We’ve all been bought a dram by a friend in the pub, who looks at you and expectantly says, ‘What’s that then?’ You take a sniff, look up at the gantry for clues and your mind starts racing with the possibilities. If you're like me and work in the whisky industry, the stakes are higher as you're supposed to be an ‘expert’, though few dare to use that word about themselves.
Alongside our consumer competition, we ran a staff challenge with all colleagues allowed to make a guess at the distillery and age of the mystery dram. Many of our staff have decades of professional experience, who make it part of their working day to pass their noses over a glass or two of malt. But how many got it right? It was pleasing to see that the most popular staff choice was indeed the correct distillery. 6 out of 22 entrants got the distillery correct and 1 nailed both distillery and age; Caol Ila 10 Year Old.
When Jonny McMillan and I planned this fun competition, the first job was to pick an appropriate distillery from Berry Brothers & Rudd’s extensive stock. Jonny’s initial suggestion was an absurdly obtuse sample of Aultmore, which was mysteriously peaty and unlike any I had tried from this already fairly niche distillery. I'm still not sure why he wanted to annoy every single one of our customers by setting a virtually impossible challenge. No, it needed to be something recognisable, as blind tasting is already difficult enough!
Of the Islay whiskies, Caol Ila isthe most frequently bottled by independents in recent times; I knew our staff and more well-watered customers will have tried plenty of examples as a reference. ‘Too easy!’ said Jonny. I didn’t think so, knowing that our staff may draw on their knowledge of recent releases from the St James bottler. Once they had identified it as a peaty dram, I knew minds would be drawn to more commonly seen distilleries under this label like Ardmore (2 guesses), Bunnahabain (4 guesses), and Ledaig (two guesses).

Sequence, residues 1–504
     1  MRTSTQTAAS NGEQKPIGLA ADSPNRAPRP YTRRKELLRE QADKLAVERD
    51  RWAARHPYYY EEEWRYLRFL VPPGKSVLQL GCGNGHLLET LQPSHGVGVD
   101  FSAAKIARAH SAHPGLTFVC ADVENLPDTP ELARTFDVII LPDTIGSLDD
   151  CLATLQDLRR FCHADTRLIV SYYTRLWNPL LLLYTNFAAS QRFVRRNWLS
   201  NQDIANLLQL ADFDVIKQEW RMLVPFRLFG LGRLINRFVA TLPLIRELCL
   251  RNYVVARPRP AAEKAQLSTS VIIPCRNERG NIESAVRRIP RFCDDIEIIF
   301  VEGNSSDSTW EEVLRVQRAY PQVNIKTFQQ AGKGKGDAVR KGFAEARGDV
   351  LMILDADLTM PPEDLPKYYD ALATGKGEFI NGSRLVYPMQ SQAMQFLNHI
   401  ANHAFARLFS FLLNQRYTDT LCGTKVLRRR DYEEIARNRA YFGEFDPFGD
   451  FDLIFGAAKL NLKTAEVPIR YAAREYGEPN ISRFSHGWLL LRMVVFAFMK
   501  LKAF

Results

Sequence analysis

This is the first Caol Ila bottled in the UK by Berry Brothers for a good few years. This may have tricked a few experienced tasters who have come to associate certain indies with certain malts, as they access seams of stock and bottle them off. The age was, perhaps, a bit more straightforward. The big clue to this being price; we were hardly going to be selling a 30-year-old Islay malt at £50. Leaving aside 3 outlier guesses, the rest of our staff were within 3 years of the correct age.
Our customers also fared well, with 25% correctly guessing Caol Ila but just one person also getting the age correct as 10 years old.
Congratulations to James Hope, who wins this wonderful prize of a trip to St James with cocktails, whisky, and dinner along with Arthur and Jonny (why not bring him an unpeated Laphroaig and see if he guesses that)? Mr Hope also wrote these delightful tasting notes, which will grace the fully labelled bottle when the rest of the cask is released in the Autumn:
Nose: Coastal rock pools filled with the smoke from a beach barbecue. Lemon drizzle cake laced with vanilla extract. Rum and raisin fudge.
Palate: Oily diesel smoke, coating the whole mouth. Freshly caught salty lobster, cooked on an open fire. Ashy banana and pear in the finish, with a lingering mild dark chocolate bitterness.
We have a little remaining stock of the Mystery Malt, now less mysterious, available to buy here.